What is the problem with religion? Towards a Mediterranean dialogue

Written by Kathryn Carlson on . Posted in Current features, Features

In a September event held in Florence’s Palazzo Medici Riccardi, leading figures from religion, government, diplomacy and academia met for a panel discussion on the problems faced – or perhaps caused – by contemporary religion in Europe. The roundtable took place as part of the Mediterranean Dialogues series organized by the Italian Ministry of Foreign Affairs and International Cooperation and the Italian Institute for International Political Studies. The dialogue series is aimed at promoting a positive dialogue on Mediterranean issues. In a bilingual event with simultaneous translation, the audience heard a panel of experts discuss the diverse issues causing conflict in modern religion, and how these issues may be remedied in the future.

What's the Problem with Religion?

What’s the Problem with Religion?

Panelists included: Saywan Barzani, the former Ambassador of Iraq to Italy; Archbishop Giuseppe Betori, the Archbishop of Florence; Imam Izzeddin Elzir, the Vice President of the Florence School of Advanced Studies for Interreligious and Intercultural Dialogue (FSD) and Imam of Florence; Pasquale Ferrara, the Ambassador of Italy to Algeria; Rabbi Joseph Levi, the President of FSD and former Chief Rabbi of Florence; and EUI Professor Olivier Roy.

The panel was moderated by Miguel Poiares Maduro, the director of EUI’s School of Transnational Governance, with a keynote speech by Hon. Emanuela Del Re, the Deputy Minister of Foreign Affairs and International Cooperation at the Italian Ministry of Foreign Affairs and International Cooperation. Welcoming remarks were also given by the President of the EUI, Renaud Dehousse, the Executive Vice President and Director of the Italian Institute for International Political Studies (ISPI), Paolo Magri, and the Deputy Mayor and City Councillor for University, Research and Youth Policy at the Comune di Firenze, Cristina Giachi.

Anarchy in the name of freedom

The contemporary misuse of religion to incite violence and even war is a practice the panelists unanimously decried. Saywan Barzani, the former Ambassador of Iraq to Italy, discussed the usage of Islam in the Middle East to wage war, beginning with the Soviet-Afghan war and the Iranian revolution of 1979.  The US government “exploited religion to justify war”, Ambassador Barzani argued, when it called for a jihad against Soviet soldiers by the Afghan troops. This strategy of using Islam as an ideology to wage war has continued ever since, most recently in Syria, he stated, reminding the audience that Islam has existed for 14 centuries, but radical violent Islamism only for the past 30 to 40 years.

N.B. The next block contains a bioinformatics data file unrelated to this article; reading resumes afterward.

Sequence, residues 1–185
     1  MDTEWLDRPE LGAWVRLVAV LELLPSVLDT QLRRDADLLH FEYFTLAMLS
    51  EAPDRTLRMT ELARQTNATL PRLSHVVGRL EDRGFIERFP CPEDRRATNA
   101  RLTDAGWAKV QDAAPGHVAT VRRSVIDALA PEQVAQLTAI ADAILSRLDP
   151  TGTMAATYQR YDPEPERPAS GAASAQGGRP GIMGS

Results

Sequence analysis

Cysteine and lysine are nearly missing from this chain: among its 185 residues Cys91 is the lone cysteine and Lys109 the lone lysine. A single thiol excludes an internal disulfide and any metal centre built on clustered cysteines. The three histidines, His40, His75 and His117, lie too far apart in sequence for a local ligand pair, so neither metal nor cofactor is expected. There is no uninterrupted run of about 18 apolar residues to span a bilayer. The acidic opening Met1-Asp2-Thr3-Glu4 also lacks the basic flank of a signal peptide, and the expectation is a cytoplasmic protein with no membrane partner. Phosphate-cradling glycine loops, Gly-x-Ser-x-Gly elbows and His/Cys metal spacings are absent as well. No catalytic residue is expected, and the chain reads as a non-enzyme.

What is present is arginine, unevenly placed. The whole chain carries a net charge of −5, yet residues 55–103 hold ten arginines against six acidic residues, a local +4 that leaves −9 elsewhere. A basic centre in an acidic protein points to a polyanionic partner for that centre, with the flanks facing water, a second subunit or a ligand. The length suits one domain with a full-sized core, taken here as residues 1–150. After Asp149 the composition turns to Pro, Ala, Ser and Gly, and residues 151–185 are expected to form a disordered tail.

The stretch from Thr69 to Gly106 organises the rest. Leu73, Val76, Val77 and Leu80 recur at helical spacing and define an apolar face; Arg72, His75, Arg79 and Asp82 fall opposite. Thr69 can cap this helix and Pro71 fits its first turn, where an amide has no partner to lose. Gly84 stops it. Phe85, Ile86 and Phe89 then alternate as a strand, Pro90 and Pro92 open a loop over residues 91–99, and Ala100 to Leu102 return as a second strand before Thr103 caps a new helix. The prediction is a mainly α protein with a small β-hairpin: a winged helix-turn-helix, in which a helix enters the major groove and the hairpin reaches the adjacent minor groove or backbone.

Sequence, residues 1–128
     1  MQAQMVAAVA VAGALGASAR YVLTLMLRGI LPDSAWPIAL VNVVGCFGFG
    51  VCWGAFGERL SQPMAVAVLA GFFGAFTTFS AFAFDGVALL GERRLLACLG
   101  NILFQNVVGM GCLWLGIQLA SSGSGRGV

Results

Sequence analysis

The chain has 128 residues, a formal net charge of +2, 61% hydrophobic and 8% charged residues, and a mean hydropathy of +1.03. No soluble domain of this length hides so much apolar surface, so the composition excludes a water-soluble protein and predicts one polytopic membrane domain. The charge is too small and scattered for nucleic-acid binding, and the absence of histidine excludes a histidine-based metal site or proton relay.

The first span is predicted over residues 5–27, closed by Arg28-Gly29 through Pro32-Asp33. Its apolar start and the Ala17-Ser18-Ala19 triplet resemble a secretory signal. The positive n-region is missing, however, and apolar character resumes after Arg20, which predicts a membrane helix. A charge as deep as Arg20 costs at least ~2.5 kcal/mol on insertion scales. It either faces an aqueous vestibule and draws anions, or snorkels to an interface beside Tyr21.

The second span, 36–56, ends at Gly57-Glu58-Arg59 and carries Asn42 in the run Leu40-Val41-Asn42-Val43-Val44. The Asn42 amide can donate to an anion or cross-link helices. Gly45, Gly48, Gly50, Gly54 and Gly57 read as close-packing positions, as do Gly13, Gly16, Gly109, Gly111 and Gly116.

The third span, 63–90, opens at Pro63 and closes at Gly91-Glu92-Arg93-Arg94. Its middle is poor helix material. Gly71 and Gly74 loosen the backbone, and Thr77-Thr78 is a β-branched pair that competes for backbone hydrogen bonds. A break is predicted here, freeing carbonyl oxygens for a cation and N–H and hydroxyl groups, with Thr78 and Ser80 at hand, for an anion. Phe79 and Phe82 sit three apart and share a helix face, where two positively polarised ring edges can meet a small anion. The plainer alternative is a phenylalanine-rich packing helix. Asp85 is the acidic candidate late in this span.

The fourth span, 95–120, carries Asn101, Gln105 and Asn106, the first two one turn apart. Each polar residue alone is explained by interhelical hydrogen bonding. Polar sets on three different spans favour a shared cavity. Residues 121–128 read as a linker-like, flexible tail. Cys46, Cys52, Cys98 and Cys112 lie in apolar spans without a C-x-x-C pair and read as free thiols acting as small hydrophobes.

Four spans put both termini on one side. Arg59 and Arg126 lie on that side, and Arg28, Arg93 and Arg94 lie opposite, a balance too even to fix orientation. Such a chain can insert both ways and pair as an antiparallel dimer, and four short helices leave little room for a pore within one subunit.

Imam Izzeddin Elzir, the Imam of Florence and Vice President of FSD, agreed with Ambassador Barzani’s argument, denouncing the exploitation of religious communities to stoke violence. He called this “anarchy in the name of freedom”, an irresponsible form of violence controlled by malignant entities who use religion as a rallying cause. Ambassador Barzani pointed out that most victims of terrorism are Muslim themselves. This exploitation of religious ideals, he argued, is “80 per cent of the problem” in modern conflict. Olivier Roy, an EUI professor and expert in the field of Islamic radicalization, suggested that the “process of bringing back spirituality” could counter this violence in a positive way. “The role of religion is up to the believers”, he stated, arguing that spirituality – “now in the hands of radicals” – could be taken back by ordinary believers.

“Believing, belonging, behaving”

Another issue on the table was the oversimplification and generalisation of religion in modern discourse. In her keynote speech, Hon. Emanuela Del Re, the Deputy Minister of Foreign Affairs and International Cooperation at the Italian Ministry of Foreign Affairs, made a “call to responsibility” on the part of modern religious believers. “There is a tendency to simplify”, she stated, “but complexity must be key. Religion must be problematic, it must make people think critically. If it doesn’t raise issues, it’s the end of religion.” Citing the example of young Muslim atheists (who do not believe in the Muslim faith but remain part of the community and culture) as an overlooked nuance in religious communities, Hon. Del Re called for a greater complexity in the way we conceptualise and talk about religion today. Thinking critically, she argued, is an essential and often neglected part of modern religious discourse, while generalisations can cause myriad issues.